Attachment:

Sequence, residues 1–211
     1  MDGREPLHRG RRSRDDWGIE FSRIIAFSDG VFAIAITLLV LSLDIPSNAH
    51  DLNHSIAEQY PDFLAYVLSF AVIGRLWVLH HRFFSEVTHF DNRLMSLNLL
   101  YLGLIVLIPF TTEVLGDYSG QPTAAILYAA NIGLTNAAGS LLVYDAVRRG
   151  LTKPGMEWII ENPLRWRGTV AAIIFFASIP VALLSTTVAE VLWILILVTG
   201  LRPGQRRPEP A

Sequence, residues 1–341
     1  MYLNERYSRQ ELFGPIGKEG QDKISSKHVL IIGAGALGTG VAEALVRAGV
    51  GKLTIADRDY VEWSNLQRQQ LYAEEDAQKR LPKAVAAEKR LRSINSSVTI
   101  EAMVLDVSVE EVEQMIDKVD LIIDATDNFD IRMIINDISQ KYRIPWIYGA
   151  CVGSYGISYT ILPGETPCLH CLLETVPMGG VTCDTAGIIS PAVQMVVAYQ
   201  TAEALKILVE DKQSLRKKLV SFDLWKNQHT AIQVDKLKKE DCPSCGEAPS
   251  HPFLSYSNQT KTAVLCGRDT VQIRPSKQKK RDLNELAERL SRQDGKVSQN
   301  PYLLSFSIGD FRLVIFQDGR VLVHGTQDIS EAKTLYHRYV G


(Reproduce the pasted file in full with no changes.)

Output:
Sequence, residues 1–211
     1  MDGREPLHRG RRSRDDWGIE FSRIIAFSDG VFAIAITLLV LSLDIPSNAH
    51  DLNHSIAEQY PDFLAYVLSF AVIGRLWVLH HRFFSEVTHF DNRLMSLNLL
   101  YLGLIVLIPF TTEVLGDYSG QPTAAILYAA NIGLTNAAGS LLVYDAVRRG
   151  LTKPGMEWII ENPLRWRGTV AAIIFFASIP VALLSTTVAE VLWILILVTG
   201  LRPGQRRPEP A

Sequence, residues 1–341
     1  MYLNERYSRQ ELFGPIGKEG QDKISSKHVL IIGAGALGTG VAEALVRAGV
    51  GKLTIADRDY VEWSNLQRQQ LYAEEDAQKR LPKAVAAEKR LRSINSSVTI
   101  EAMVLDVSVE EVEQMIDKVD LIIDATDNFD IRMIINDISQ KYRIPWIYGA
   151  CVGSYGISYT ILPGETPCLH CLLETVPMGG VTCDTAGIIS PAVQMVVAYQ
   201  TAEALKILVE DKQSLRKKLV SFDLWKNQHT AIQVDKLKKE DCPSCGEAPS
   251  HPFLSYSNQT KTAVLCGRDT VQIRPSKQKK RDLNELAERL SRQDGKVSQN
   301  PYLLSFSIGD FRLVIFQDGR VLVHGTQDIS EAKTLYHRYV G